Independent Film is thriving in the countryside. The Peg spoke to Wildgrass Films about their latest project.
Having been to this year’s Raindance Film Festival as a nominee for Best UK Feature, Wildgrass Films are very proud to be bringing their film home to share it with a Shropshire audience.
The film showcases Shropshire locations and Shropshire talent. The latter comes in the form of Tom Campion, a Shropshire lad who trained at London’s Central School of Speech and Drama and who plays the lead role in this strikingly beautiful film. It’s not all pastoral fantasy though, Campion had to work hard in preparing for the film, researching the effects of PTSD so that he could connect with his character’s story of returning home from war. And he gives a visceral performance on screen, indeed, it is hard to come away from the film without feeling moved by the psychological trauma his character goes through. During the film’s premiere in London, it was the impact of war and the film’s themes of isolation, loyalty and individual struggle which drew praiseworthy comment from the press.
“This films screams out what these servicemen can’t talk about- and have remained silent about- the atrocities of war that plague their mind.” [The London Tree]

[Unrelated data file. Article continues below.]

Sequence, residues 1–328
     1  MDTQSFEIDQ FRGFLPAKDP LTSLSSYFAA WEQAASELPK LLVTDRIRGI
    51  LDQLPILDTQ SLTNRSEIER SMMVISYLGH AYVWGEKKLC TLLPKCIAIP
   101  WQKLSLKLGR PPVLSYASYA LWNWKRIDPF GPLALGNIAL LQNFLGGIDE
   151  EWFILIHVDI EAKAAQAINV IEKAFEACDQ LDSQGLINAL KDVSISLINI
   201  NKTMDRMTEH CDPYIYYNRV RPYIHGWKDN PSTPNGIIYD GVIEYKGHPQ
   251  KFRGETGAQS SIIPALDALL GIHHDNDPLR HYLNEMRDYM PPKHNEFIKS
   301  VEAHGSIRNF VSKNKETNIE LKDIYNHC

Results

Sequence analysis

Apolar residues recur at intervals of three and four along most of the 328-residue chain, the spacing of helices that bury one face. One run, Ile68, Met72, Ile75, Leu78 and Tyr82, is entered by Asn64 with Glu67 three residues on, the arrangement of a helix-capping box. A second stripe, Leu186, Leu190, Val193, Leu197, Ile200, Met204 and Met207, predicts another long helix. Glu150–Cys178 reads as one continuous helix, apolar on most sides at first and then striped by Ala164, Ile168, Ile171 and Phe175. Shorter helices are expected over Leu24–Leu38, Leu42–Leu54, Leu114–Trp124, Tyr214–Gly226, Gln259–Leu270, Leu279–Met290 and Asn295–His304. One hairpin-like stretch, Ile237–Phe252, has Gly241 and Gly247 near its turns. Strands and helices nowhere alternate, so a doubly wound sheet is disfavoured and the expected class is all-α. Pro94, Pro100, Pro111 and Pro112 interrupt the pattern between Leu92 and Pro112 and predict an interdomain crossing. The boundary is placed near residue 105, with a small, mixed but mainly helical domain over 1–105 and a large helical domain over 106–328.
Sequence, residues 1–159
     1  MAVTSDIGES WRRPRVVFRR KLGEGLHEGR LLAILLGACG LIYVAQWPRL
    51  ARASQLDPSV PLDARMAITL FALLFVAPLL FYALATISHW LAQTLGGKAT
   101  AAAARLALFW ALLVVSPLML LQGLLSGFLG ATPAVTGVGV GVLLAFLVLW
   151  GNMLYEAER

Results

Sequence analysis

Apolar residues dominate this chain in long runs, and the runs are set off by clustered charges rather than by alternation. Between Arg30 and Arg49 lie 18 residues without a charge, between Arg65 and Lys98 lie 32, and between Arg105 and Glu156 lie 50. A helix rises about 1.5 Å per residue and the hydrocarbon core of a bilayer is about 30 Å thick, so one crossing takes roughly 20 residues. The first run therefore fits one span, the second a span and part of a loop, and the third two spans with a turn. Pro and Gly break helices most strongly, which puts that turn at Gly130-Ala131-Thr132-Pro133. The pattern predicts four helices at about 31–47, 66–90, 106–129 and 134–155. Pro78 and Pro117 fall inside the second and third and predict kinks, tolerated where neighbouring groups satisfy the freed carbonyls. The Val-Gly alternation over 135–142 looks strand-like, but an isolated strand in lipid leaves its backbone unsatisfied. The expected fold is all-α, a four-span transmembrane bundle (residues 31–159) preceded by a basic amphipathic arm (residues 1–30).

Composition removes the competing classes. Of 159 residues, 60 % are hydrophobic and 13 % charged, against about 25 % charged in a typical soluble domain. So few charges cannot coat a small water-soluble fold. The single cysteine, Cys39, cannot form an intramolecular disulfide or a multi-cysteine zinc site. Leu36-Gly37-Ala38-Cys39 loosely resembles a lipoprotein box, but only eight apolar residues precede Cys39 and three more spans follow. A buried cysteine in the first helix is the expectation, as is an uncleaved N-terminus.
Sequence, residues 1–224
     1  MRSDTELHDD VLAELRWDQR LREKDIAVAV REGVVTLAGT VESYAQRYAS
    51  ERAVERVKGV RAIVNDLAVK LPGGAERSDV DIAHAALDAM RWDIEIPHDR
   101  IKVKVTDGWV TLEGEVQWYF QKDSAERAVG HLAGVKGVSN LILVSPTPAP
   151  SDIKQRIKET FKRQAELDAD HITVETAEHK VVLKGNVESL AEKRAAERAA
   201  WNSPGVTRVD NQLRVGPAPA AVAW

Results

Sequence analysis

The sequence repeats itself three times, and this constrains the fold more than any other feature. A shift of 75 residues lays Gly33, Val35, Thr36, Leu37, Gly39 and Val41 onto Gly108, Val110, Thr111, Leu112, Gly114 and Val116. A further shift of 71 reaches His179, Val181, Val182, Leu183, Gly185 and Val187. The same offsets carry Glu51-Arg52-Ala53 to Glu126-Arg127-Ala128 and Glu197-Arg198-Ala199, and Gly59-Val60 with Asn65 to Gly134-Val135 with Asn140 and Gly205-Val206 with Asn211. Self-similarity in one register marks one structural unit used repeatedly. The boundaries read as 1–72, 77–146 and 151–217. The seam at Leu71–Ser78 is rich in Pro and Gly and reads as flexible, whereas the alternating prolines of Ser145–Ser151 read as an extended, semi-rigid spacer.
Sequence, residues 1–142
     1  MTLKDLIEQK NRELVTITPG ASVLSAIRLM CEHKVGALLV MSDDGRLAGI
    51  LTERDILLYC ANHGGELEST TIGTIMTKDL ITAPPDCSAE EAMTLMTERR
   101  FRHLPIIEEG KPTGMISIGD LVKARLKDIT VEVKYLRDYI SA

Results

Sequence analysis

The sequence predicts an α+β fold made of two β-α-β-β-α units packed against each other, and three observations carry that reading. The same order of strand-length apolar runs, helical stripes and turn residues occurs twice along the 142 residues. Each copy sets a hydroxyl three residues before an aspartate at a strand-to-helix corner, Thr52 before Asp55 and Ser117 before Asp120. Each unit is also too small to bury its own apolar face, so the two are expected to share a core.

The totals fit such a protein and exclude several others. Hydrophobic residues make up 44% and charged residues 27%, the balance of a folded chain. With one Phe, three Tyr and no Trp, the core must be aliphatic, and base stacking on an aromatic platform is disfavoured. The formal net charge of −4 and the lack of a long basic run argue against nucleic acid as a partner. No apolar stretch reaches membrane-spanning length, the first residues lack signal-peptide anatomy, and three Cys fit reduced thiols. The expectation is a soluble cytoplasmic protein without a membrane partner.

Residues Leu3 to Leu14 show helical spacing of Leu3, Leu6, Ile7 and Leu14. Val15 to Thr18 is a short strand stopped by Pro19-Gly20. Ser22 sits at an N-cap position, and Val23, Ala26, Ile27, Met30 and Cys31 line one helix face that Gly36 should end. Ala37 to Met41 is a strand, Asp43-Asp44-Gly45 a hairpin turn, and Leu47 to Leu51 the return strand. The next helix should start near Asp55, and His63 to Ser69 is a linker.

What with the recent release of The Levelling , there does seem to be a preponderance of dark thrillers set in the countryside, and so we asked the film’s director, Jon Stanford, (who also grew up in Shropshire) why he developed the narrative in this direction. “It’s a combination of my personal interest in the psychological effects of war, and of also taking a landscape I know so well and using it as a character in the story itself. If there is a spike in the recent number of films set in the countryside it’s because the people who live there want to reveal the reality of living in rural isolation; sure it’s beautiful, but there is a darkness beneath it which most people don’t realise.”
Shropshire is represented on screen as both an idyllic place, but also a deeply unsettling place, and Stanford is interested to hear how Shropshire viewers respond to this portrayal of the county. But whether this is Shropshire, Hereford or any other county the most important point is that the story of Lily and Sam- a young couple struggling to save their relationship, is told with truth and honesty. And for that reason alone, it should appeal to the people of Shropshire, or indeed, anyone who is looking for something with more depth than your average glossy Hollywood film.
Having already screened Long Forgotten Fields at the HIVE in Shrewsbury as part of a small film festival, the Wildgrass team are looking forward to sharing the film with a wider audience at The Edge Arts Centre. The venue is known for its support of independent film, and so they feel proud to be included in its programme this summer. Watching Long Forgotten Fields seems like an easy choice to make; supporting local filmmaking and seeing an accomplished debut feature film from a director to watch.